Living in Texas, as I do, I get a double whammy of spin so I got my news from the BBC, National Public Radio, CNN and Peter Jennings, in that order. I still doubt I have a really unbiased view of Iraqi perspective.

Thanks (0)
avatar
28th Apr 2003 18:23

Hi Richard,

We spoke via web once before re my Seminars and yours, and that is still of interest.

Re your fine article: there are a number of OTHER perspectives you might include in the list of probable causes for this "distrust" of TV in the USA vis a vis the web.

First of all, to compare the issue of "distrust" of TV to another media is too self-limiting. Americans increasingly distrust their TV media for many and good reasons, among which are

- The liberal to left wing bias of most of the major networks, cable operators and commentators/news staffs (Fox news exempted)

- The tendency for the TV editorial staffs to view the war from what they call an "objective" point of view, which means in practice that they weight the time used to cover a battle scene equally with that assigned to a humanitarian issue such as alleged civilian casualties, which of course is a matter of editorializing, NOT reporting

- The tendency for USA TV editorial staffs and reporters to "look for a story" rather than report the facts. Our TV reporters here can become famous overnight (witness: Wolf Blitzer in Gulf War I) and they do so via sensationalizing the news stories they find most interesting, and leaving less mentioned those which while more pertinent to the war status, are less interesting for their career advancement.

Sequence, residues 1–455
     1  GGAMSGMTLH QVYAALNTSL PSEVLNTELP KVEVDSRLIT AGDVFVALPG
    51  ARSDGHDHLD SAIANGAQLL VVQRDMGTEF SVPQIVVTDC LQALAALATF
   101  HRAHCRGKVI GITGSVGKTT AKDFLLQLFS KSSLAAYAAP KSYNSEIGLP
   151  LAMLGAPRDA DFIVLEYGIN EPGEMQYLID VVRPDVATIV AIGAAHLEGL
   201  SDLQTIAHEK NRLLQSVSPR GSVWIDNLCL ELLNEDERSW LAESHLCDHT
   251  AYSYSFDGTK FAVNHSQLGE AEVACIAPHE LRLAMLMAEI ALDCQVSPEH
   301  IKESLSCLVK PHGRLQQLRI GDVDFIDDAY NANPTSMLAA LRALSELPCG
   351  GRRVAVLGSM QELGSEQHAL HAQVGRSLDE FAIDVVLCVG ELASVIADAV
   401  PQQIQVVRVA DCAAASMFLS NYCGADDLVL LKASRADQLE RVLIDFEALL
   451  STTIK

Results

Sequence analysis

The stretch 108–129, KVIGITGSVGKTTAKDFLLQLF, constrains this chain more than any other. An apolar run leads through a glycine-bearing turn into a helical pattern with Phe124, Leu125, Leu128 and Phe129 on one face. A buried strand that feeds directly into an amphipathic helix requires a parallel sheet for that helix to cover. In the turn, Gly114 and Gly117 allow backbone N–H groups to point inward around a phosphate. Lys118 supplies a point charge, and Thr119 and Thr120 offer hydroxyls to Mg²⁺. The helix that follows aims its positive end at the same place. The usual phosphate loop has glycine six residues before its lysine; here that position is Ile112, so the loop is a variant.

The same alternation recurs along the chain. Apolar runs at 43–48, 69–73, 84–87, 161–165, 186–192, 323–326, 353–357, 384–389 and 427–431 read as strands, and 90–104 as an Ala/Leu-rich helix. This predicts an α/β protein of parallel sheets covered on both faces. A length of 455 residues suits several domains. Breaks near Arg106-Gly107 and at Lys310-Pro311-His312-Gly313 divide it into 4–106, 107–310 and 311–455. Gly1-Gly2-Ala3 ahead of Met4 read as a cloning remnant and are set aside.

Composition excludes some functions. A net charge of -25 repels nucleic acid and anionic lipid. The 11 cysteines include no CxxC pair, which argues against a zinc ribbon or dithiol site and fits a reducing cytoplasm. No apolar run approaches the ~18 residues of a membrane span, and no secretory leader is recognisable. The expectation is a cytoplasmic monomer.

Next, the point is that Americans incresingly distrust their own TV coverage from most outlets, PERIOD. The Washington DC press voted 89% for Clinton and Gore, goes one study. MSN Slate Magazine (Michael Kinsley was the recent editor) has 29 staff writers, all but 2 of whom voted for Clinton and then Gore.

Our news coverage is decidedly one sided, from the left wing point of view. Americans are more and more realizing this and acting accordingly.

Further, you broke the code, so to speak with the fact that TV brings "sound bites", not perspective, and most people find its instaneoty (is that a word?) to be initially fascinating, but ultimately distort the war view overall.

Finally, I watch BBC all the time via the PBS channels here, and do NOT find them to be "objective" as you do. Worse, I do not think you can be "objective" about a war your country (and mine) are involved in, but the BBC seems to bend over backwards in portraying the Arab view of things, even when such views are obviously completely propagandistic.